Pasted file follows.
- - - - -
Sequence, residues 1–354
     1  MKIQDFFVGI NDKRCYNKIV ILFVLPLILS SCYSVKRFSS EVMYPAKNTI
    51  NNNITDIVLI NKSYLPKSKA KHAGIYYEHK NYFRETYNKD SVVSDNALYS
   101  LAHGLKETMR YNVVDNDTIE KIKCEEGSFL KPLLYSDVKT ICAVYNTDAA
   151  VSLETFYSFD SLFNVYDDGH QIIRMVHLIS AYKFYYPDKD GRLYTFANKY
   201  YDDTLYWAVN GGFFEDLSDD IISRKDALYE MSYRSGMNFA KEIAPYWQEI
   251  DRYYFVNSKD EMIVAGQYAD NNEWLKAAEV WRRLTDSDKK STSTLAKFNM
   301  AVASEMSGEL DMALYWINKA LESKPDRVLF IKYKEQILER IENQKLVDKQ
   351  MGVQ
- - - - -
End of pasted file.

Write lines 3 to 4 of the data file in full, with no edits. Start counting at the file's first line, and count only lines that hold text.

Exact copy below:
    51  NNNITDIVLI NKSYLPKSKA KHAGIYYEHK NYFRETYNKD SVVSDNALYS
   101  LAHGLKETMR YNVVDNDTIE KIKCEEGSFL KPLLYSDVKT ICAVYNTDAA